Forums

This may seem strange in the current economic market, but can anyone give me tips on approaching my employer about volunteering to be laid off? We are transitioning to a global matrix organization. I'm currently a Supervisor and there is an analogous Supervisor in our European office. It is my strong opinion that one of us will lose our leadership positions and maybe even our jobs in the next few months. I would like to transition into full-time entrepreneurship ASAP, so a layoff would be right on time for me.

How do I present the idea and who do I present it to? Or is this a NO-NO in general?

Thanks for your input!

Todd

rwwh's picture

Please explain to me as a European and non-native of the English language what the difference would be with a resignation?

tdeasler's picture

Resignation means I would essentially quit. There would be no severance payment package. I'm suggesting since we are in an economic downturn and layoffs are planned anyway, I volunteer to be one of the people that gets laid off. This would include a severance package based on my years of service to the company.

thaGUma's picture

In the UK redundancy, voluntary or otherwise carries a specific minimum severance payment. Companies often supplement this.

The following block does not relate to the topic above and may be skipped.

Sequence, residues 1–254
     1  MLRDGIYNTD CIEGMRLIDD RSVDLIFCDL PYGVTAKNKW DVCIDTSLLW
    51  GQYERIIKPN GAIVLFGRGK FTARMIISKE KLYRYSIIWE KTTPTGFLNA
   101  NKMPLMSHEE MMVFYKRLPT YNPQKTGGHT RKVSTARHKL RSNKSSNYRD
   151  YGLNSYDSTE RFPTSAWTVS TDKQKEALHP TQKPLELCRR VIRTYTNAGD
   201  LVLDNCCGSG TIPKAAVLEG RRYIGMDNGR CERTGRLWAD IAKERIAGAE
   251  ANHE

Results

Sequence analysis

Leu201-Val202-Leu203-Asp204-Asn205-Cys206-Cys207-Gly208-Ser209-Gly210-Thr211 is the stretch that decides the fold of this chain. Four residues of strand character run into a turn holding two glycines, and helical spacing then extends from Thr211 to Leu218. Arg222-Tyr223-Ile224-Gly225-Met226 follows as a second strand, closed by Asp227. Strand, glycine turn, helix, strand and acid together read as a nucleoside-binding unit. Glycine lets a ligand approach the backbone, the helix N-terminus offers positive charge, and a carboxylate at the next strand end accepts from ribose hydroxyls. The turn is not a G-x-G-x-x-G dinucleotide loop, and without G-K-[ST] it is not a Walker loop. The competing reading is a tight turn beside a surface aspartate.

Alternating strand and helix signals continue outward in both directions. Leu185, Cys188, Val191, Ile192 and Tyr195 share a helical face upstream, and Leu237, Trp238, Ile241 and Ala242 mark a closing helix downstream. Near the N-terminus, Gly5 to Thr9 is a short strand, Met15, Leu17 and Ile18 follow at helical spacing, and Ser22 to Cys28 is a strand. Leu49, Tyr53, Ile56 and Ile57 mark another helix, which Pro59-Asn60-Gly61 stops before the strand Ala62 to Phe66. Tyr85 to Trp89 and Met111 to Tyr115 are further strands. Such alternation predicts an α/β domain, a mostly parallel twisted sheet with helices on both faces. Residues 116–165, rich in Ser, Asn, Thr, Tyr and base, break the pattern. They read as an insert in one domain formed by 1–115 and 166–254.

Resignation is different and will exclude you from some of the unemployment payments as you are considered to have left the job of your own accord.

The question whether to broach the subject is a sensitive one - if the company think you are happy to take redundancy, you will likely be put on career-hold. I would avoid mentioning it until such time as the company announces any lay-offs. Flip side would be to make it known you are willing to leave as you appear ready to go in any event and there is little need for you to consider career growth in that company. This woud benefit the company as they could plan around the european supervisor.

Stay in and save your money to fund your start-up. If the company decides to contribute it is a bonus.

Chris

HMac's picture

It might be attractive to try to figure out a way to finesse your way into a discussion about getting severance, but I think the risks far outweigh the rewards.
-Hugh

jhack's picture

You want to start a business, and you want to leave your company.

There will likely be a severance if you get laid off, but if you just quit, you get nothing.

So if you don't ask, there are three possibilities:
If you get laid off, great.
If the other guy gets laid off, then you quit, well...the other guy got a raw deal.
If you quit before the layoff, the other keeps his job. Nice.

And if you suggest that you get laid off? The risk is to your reputation. You might be thought a schemer. You might still get the severance. Is it worth it?

John

tdeasler's picture

Thanks for everyone's helpful input. I could very well be seen as a schemer and it is NOT worth it.

I will continue applying the great Manager Tools principles on a daily basis and work on my business at night and see what happens.

Todd

lilith's picture